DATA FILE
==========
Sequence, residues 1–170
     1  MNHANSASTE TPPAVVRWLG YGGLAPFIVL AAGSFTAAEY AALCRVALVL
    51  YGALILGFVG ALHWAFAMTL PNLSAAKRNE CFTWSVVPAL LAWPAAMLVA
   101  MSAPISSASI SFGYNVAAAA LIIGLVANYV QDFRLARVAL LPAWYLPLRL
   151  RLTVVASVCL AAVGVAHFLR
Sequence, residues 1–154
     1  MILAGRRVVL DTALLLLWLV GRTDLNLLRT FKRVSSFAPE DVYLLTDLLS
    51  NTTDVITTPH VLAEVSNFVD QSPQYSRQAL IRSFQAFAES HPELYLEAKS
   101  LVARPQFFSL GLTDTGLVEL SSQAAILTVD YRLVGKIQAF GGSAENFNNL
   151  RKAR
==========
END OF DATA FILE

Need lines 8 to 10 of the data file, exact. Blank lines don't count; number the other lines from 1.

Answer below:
    51  NTTDVITTPH VLAEVSNFVD QSPQYSRQAL IRSFQAFAES HPELYLEAKS
   101  LVARPQFFSL GLTDTGLVEL SSQAAILTVD YRLVGKIQAF GGSAENFNNL
   151  RKAR